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Rome's historic bakery to the popes closes |

Food and Leisure

Rome's historic bakery to the popes closes

Agence France-Presse - Agence France-Presse
Rome's historic bakery to the popes closes
A customer enters the historic bakery that has supplied bread to the Pope which will close in the coming days in Rome's Borgo Pio district, adjacent to the Vatican, on July 6, 2023.
AFP / Andreas Solaro

ROME, Italy — The Arrigoni bakery has made bread for the popes for almost a century, from rosetta rolls to wholewheat loaves — but mass tourism has proved deadly and no prayers can save it now.

"We turned the oven off on Tuesday," said Angelo Arrigoni, 79, whose father opened the little shop in 1930 during Pius XI's papacy, and who would hand-deliver bread to the papal household.

Each time a new head of the Catholic Church was elected, the "Panificio Arrigoni" on Borgo Pio, just a five-minute walk from St Peter's Square, would get ready to cater to the new pope's tastes.

Polish Pope John Paul II, elected in 1978, "said he wanted the bread his workers ate", Arrigoni said.

"The workers ate both the 'ciriola', that big, classic Roman loaf that hardly anyone makes anymore, and rosetta rolls," he added. "So for his whole papacy, which lasted almost 27 years, we gave him five 'ciriola' and five rosetta rolls."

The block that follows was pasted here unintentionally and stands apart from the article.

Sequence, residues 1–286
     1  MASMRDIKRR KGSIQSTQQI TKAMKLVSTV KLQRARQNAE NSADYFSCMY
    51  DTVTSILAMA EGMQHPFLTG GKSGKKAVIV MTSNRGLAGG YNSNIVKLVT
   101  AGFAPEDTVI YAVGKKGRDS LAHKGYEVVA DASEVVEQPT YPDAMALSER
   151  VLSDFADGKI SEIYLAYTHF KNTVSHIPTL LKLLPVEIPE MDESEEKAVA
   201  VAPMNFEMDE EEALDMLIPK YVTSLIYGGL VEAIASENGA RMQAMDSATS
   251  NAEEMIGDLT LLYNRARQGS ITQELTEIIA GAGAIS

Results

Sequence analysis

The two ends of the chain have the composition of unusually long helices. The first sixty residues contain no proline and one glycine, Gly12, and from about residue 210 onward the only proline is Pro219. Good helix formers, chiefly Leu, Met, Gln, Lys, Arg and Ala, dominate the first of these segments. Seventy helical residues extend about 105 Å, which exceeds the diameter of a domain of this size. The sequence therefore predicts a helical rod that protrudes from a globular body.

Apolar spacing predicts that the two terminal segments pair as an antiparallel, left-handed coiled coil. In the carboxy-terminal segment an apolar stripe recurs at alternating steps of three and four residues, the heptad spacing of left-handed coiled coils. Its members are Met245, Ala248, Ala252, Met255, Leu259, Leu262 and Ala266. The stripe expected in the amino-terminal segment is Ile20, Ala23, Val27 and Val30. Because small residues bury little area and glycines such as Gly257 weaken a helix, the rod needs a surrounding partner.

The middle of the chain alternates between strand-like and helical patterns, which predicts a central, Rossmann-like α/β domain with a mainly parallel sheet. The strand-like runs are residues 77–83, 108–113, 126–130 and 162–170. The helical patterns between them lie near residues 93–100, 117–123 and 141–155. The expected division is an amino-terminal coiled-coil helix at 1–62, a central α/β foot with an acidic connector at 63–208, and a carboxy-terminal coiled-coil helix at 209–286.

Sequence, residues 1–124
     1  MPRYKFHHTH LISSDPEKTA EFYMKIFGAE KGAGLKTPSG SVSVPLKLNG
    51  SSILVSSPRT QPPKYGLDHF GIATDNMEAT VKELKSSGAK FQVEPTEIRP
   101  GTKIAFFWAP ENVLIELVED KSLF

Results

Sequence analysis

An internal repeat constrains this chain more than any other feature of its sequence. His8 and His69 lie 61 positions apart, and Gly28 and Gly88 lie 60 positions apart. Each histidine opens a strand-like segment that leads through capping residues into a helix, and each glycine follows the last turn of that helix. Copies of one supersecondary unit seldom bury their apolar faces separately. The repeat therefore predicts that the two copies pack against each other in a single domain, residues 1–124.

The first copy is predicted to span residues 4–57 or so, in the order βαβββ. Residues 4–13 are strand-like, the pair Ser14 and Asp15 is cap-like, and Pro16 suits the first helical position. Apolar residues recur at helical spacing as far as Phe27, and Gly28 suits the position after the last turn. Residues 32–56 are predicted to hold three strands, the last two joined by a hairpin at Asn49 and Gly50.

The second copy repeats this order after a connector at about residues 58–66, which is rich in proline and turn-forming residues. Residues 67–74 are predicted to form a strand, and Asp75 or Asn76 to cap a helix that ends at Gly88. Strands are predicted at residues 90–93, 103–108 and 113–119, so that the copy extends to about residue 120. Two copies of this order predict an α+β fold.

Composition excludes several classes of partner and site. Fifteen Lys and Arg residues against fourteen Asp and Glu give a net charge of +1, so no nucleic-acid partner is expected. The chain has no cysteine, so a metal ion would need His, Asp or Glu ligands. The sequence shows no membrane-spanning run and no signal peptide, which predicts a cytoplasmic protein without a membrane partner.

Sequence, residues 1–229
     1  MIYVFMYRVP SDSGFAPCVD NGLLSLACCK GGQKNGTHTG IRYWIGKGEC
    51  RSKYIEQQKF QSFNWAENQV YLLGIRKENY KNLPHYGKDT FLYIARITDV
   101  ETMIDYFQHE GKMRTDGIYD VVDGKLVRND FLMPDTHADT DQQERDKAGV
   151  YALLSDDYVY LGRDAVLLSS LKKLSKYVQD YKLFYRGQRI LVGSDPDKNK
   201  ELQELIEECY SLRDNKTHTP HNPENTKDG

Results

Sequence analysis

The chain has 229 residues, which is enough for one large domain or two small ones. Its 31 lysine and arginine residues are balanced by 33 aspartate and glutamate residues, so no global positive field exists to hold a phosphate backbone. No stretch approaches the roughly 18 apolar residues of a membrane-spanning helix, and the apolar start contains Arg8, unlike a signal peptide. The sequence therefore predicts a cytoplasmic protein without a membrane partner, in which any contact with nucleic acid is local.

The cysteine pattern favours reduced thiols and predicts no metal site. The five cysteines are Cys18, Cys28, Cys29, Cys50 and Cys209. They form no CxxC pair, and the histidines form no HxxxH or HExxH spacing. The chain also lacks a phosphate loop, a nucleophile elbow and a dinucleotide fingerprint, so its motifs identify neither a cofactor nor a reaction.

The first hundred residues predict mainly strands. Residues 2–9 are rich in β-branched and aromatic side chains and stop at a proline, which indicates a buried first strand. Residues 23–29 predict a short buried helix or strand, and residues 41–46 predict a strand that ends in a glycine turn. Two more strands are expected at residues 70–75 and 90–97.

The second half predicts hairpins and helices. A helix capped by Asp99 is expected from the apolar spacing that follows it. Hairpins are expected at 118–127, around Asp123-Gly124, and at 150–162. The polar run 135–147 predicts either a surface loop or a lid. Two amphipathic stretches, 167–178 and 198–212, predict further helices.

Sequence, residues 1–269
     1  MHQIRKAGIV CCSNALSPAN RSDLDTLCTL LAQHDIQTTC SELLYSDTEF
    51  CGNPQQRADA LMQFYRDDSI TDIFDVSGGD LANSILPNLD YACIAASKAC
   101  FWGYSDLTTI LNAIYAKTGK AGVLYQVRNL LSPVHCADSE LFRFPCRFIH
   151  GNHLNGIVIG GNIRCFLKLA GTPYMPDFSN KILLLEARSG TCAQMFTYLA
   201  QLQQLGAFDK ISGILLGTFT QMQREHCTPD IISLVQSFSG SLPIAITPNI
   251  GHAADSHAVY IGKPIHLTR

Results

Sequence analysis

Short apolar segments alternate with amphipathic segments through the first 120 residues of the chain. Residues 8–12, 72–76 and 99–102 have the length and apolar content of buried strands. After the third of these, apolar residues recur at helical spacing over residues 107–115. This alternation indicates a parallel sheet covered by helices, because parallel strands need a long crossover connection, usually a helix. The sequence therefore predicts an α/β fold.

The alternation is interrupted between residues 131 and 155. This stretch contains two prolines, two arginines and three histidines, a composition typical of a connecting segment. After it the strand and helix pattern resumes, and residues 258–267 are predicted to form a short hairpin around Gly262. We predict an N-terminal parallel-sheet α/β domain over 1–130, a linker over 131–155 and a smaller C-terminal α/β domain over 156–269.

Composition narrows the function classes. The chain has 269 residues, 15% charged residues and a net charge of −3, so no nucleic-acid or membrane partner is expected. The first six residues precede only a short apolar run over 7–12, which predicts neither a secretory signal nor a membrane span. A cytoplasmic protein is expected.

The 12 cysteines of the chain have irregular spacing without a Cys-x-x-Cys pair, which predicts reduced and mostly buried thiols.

Related: Recipe: Soft bread cooked on cast-iron skillet

When his successor Benedict XVI was elected, Arrigoni rang the papal household but was told by a nun that the new German pope would be sticking with the baker he frequented as a cardinal.

"But I am that baker!" he told her, for Benedict had already been getting cheese and unleavened bread from him as Cardinal Joseph Ratzinger.

'Piece of history'

Pope Francis has also been served by Arrigoni — but will now need to look elsewhere for his daily bread, after the baker found himself squeezed by a drop in loyal local customers and steep energy prices.

"The district has changed," he said. "All the houses that used to be full of people have become rentals for tourists," most of whom do not do a daily shop for basics, but prefer to eat out in the Eternal City's restaurants.

Related: Popular but facing opposition, Francis marks 10 years as pope

News that the premises have been sold has saddened Arrigoni's remaining regular customers.

Tourist guide Francesca Pantusa took her time eating her last sandwich, prepared with care by Arrigoni.

"In Borgo Pio, there are only tourist restaurants... whereas here you can find good products, at the right price and with Angelo who is incredible — kind, friendly... it makes me want to cry", she said.

The bakery stood out on the street, particularly for the lack of tourist-friendly tables outside — a sore subject with Arrigoni, after he tried and failed to convince the council to give him permission.

Vatican reporter Iacopo Scaramuzzi slammed the council on Twitter, asking why a city "drunk with nostalgia was unable to preserve its heritage" and save "the popes' baker... a piece of Vatican history."

RELATED: 'World's best restaurant' to reopen in Spain as museum

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